Examples of IoT attacks
Unfortunately, IoT attacks are becoming more and more common and there are a number of ways breaches can affect your business. Hacker’s methods are becoming more sophisticated and the rewards they can reap from their attacks are increasing, just look at the cost of data breaches. Let’s take a look at the top IoT attacks of recent years:
The Mirai malware searches the internet for IoT devices that use the ARC processor. This central processing unit runs a simplified version of the Linux operating system. Mirai infects a device if the default username and password has not been changed.
Stuxnet is a computer worm devised to detect specific nuclear machinery. Stuxnet’s aim is to cause software damage as opposed to infiltrating systems. Stuxnet was first discovered in 2010 when five Iranian companies involved in industrial automation became victims. Stuxnet is thought to have been devised by the US and Israel to target Iran’s nuclear program.
Tasmanian casino attack
Tasmanian casino operator Federal Group was the subject of a cyberattack in 2021when their hotel booking systems and pokies/slot machines began to malfunction. Millions of customers data was affected during the ransomware attack, and it is still not known whether the group paid a ransom to the attackers.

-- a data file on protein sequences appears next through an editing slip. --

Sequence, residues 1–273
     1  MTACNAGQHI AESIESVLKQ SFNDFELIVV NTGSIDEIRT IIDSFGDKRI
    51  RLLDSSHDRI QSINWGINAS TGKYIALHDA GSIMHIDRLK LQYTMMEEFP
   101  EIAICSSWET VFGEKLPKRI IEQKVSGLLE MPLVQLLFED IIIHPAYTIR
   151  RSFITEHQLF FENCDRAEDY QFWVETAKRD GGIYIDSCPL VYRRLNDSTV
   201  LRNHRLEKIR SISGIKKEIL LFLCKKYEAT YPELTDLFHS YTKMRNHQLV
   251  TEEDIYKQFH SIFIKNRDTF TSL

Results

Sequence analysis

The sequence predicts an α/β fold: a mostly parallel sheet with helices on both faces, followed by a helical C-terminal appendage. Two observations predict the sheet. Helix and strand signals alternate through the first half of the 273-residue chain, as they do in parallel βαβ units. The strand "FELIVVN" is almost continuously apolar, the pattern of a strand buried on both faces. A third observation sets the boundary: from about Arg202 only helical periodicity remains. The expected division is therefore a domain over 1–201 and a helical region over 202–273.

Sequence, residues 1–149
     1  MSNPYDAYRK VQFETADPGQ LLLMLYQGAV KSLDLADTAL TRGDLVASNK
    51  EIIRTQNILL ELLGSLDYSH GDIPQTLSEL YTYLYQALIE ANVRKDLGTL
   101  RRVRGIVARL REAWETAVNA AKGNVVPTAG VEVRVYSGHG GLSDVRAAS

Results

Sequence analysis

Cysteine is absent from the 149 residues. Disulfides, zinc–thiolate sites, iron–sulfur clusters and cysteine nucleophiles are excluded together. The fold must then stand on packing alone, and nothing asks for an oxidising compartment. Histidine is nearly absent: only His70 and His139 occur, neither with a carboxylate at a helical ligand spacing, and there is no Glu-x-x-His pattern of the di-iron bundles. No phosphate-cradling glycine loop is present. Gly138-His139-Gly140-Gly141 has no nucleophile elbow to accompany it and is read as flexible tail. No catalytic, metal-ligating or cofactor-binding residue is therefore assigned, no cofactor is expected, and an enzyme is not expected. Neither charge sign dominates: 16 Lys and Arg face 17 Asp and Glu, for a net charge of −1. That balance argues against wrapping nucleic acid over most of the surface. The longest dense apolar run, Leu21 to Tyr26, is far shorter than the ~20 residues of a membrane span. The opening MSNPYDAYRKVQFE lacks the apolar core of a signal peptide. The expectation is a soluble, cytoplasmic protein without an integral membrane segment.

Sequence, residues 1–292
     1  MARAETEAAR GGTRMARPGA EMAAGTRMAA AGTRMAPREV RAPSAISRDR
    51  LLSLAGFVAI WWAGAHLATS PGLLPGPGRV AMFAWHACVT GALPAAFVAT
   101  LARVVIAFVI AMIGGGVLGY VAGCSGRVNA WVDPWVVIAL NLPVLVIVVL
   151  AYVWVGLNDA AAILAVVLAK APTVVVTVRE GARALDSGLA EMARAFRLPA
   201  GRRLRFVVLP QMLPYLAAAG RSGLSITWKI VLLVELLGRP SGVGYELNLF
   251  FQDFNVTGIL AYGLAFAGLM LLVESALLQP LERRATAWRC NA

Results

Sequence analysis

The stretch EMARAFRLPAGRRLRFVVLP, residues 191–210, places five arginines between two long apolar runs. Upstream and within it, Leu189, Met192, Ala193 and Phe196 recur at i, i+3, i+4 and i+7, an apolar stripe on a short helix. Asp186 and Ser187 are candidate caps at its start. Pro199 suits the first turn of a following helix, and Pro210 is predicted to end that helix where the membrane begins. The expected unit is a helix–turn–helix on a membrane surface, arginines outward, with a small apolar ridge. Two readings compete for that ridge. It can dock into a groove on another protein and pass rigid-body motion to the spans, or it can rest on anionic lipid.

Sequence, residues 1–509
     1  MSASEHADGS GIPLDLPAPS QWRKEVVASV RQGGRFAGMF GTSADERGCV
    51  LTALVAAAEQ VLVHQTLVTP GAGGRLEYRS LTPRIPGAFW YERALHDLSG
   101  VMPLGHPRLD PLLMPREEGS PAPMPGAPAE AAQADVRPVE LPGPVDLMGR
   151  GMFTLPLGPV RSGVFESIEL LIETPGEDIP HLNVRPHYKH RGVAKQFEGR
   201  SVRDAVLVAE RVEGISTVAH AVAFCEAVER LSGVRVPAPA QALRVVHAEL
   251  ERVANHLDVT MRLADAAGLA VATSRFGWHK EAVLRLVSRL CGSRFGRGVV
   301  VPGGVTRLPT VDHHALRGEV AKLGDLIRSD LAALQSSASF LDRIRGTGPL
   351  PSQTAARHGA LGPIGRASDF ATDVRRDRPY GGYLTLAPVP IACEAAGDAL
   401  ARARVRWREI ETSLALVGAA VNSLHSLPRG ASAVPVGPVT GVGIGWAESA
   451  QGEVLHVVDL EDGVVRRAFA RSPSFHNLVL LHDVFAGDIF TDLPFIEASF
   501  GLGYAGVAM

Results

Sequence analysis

Security researchers Charlie Miller and Chris Valasek managed to hack a Jeep while it was driving along a highway at 70 mph. They managed to hack its engine, entertainment system, and even the brakes. The scary thing is the pair managed to hack into the Jeep’s control panel from the comfort of their very own home.
Medical device attack
In March 2019, Medtronic revealed a serious security issue in some of its implantable devices. The Department of Homeland Security also identified a “major cybersecurity hole” in one of the firm’s cardiac devices. Due to the possibility of attack, the FDA recalled 465,000 implantable pacemakers manufactured by St. Jude Medical, another medical operator affected by an attack. Patients who had the implants received a software upgrade instead of having them removed.
Most common IoT cybersecurity vulnerabilities
There are a number of IoT cybersecurity vulnerabilities to look out for. Once you are familiar with what they are, the easier it will become to improve your cybersecurity measures. Let’s take a closer look:
Weak passwords always pose a security threat. Before connecting an IoT device to a network, ensure that the device is secured, and the password is strong.
Secure networks by installing and monitoring firewall performance, filter and delete spam emails, adopt the use of a VPN, encrypt files, and lean on advanced endpoint detection.
Insecure ecosystem interfaces
Always make sure that you are using secure web or mobile interfaces, secure backend API, and a secure overall ecosystem outside of the device.